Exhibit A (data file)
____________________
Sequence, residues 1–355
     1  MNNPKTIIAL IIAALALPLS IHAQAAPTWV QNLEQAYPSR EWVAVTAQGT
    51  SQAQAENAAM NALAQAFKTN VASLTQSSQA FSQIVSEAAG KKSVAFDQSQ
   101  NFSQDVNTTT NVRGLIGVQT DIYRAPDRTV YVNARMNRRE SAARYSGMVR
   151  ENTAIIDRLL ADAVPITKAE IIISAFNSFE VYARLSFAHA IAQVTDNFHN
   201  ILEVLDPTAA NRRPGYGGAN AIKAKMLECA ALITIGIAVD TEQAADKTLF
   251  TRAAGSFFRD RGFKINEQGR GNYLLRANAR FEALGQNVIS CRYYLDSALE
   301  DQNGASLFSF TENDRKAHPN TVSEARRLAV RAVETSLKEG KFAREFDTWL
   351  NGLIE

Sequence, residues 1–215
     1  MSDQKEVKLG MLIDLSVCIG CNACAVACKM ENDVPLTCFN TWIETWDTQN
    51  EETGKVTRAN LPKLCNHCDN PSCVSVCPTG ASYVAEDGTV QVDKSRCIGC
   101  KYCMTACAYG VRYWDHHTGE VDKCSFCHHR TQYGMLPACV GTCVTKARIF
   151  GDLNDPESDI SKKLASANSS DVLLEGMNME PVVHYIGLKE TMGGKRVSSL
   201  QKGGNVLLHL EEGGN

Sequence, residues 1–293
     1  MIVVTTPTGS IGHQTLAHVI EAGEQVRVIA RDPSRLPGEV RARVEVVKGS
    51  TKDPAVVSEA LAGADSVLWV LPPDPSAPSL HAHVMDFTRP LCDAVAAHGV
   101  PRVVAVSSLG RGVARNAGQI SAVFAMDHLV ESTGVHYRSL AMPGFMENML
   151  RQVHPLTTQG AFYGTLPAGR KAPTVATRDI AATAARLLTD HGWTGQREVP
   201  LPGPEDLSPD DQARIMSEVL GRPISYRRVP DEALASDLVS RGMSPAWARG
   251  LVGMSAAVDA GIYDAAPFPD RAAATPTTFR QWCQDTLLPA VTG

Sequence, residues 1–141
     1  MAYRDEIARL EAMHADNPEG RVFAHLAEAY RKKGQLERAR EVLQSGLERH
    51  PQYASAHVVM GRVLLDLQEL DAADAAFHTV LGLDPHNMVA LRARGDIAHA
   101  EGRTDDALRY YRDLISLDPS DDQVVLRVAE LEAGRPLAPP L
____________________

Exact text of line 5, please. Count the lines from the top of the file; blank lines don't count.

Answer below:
   151  ENTAIIDRLL ADAVPITKAE IIISAFNSFE VYARLSFAHA IAQVTDNFHN